He traveled from Portugal to Brazil on an Air Force plane from the South American country with the honors of a head of state and, once at his destination, he was transferred to the Itamaray Palace, the headquarters of the Ministry of Foreign Affairs, protected by a solid security scheme.
At 234 years old, this Wednesday he will be the protagonist of the celebration of the Bicentennial of Brazilian Independence before his return to Porto.
(Read here: Why did Bolsonaro order the heart of Emperor Pedro I to be brought from Portugal)
It is nothing more and nothing less than from the heart of Pedro IV of Portugal and I of Brazilwhich has been preserved in formalin since he died in 1834. Hero of the independence of that country, who was achieved in the Grito de Ipiranga under his leadership.
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Before dying of tuberculosis in Portugalwhere he had gone to fight for the right of his daughter to accede to the throne of that country, Peter IV He asked that his heart be removed and taken to Porto, where it has remained on an altar in the church of Our Lady of Lapa.
The body was transferred to Brazil in 1972, precisely to celebrate 150 years of independence, and is preserved in a crypt in São Paulo. A little over two weeks ago, the heart arrived in Brasilia, just to be ready for the celebration this Wednesday.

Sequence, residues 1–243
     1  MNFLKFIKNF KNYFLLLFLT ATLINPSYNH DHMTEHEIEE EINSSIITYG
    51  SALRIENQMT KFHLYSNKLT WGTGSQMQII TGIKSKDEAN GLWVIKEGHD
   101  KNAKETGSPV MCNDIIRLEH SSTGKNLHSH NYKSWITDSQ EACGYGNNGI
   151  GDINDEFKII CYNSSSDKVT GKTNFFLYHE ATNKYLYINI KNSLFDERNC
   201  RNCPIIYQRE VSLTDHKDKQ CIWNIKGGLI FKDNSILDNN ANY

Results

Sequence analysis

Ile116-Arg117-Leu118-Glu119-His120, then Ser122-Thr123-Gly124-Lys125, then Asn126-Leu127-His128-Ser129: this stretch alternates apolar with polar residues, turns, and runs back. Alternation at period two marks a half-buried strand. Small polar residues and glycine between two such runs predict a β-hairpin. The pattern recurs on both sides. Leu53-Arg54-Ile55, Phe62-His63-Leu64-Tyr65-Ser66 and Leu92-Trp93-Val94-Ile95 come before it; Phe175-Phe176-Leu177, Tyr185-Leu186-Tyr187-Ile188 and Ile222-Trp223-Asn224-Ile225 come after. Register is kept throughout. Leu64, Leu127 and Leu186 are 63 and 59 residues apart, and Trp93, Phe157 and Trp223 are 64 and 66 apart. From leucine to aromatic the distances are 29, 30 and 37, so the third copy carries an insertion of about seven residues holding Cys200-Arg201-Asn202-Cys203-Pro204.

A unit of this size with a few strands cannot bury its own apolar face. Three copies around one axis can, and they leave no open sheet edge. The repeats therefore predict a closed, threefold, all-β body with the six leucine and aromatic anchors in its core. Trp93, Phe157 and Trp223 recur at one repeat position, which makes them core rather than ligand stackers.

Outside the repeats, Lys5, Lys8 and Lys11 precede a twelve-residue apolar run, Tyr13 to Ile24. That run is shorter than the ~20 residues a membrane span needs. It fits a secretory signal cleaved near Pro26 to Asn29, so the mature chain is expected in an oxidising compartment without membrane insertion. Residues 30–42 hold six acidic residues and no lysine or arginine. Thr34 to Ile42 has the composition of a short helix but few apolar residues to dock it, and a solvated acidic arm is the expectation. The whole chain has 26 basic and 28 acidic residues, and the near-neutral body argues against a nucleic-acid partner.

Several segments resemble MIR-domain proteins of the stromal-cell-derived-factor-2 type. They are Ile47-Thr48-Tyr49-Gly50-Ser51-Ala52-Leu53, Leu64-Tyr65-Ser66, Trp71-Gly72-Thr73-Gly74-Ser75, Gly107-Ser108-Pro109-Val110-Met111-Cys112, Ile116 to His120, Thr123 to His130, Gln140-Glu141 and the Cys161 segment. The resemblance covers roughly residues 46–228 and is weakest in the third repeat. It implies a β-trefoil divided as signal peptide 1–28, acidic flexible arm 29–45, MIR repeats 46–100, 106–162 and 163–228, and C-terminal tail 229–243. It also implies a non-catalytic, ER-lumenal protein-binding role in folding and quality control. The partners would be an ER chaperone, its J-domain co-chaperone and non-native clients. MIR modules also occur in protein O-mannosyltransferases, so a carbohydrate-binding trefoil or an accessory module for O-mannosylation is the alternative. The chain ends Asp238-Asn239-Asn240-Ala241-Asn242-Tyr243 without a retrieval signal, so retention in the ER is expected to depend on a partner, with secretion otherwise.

The trip back to Porto is scheduled for this Thursday. To ensure that the transfer does not compromise the integrity of the organ, an expert technical report from the Portuguese National Institute of Legal Medicine and Forensic Sciences was required, which concluded that the transport can be carried out, provided that a pressurized environment is required.
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An old cult
Although the story of moving a historic heart seems gruesome, it is neither unique nor strange. In fact, during the Middle Ages there was a special cult for relics, especially those related to the life of Jesus Christ and saints.
Heads, arms, legs and vital organs were part of the market. Everything counted: teeth, bones, skin, splinters, cloth, and clothing. It was a way of establishing contact with the divine world and on many occasions extraterrestrial powers were granted to them.
Lay people were also attracted. They kept them in their houses and even hung them around their necks. Sometimes they were split or cut to multiply them and, of course, copies and forgeries were not lacking.